In the meantime, while the insects are moving out, take 1 kg (2 pounds) of sugar and 1 litre (2 pints) of water. Mix the two and bring the mixture to the boil. You can substitute half of the sugar with honey. If you like experimenting with tastes add some slices of ginger and one or two sliced lemons (or limes). Boil for 2-3 minutes and let it cool down. When the syrup is almost tepid pour it into a big jar and add the black elder inflorescences into it, stir gently and cover with a lid. Let it stay like that for 3-4 days stirring once a day. On the forth day strain the inflorescences which you can throw away or use in the garden compost pile.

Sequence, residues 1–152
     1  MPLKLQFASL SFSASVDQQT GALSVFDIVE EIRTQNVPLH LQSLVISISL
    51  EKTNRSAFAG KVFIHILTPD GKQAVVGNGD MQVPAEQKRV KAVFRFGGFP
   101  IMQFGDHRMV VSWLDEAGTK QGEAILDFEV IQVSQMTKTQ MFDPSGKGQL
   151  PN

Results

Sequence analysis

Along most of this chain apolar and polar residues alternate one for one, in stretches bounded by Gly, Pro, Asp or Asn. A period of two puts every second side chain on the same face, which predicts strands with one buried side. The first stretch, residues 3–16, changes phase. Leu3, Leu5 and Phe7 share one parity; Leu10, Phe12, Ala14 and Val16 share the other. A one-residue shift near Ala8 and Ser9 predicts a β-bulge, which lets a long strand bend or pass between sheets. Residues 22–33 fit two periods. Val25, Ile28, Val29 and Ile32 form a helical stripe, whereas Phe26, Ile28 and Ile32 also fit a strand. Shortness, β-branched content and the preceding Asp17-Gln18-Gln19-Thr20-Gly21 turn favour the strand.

You can save some of the aromatic syrup to prepare drinks but first you need to boil it again and then bottle . If you venture to move one step farther then you have to mix the syrup with at least half a litre of pure spirit. Mix them thoroughly and immediately pour the raw liqueur into dark glass bottles and seal tightly. And now comes the most difficult period: waiting. My advice is - forget about those bottles and deal with some other urgent work in the garden. Two or three months is enough for the liquor to become adolescent, but its full magic reveals only when it matures. I do not want to tell you the real time span but believe me it is worth waiting for.
The elderflower liqueur is never clear because of the pollen. This is the only flaw of this powerful potion which we quickly tend to forget right after the first shot.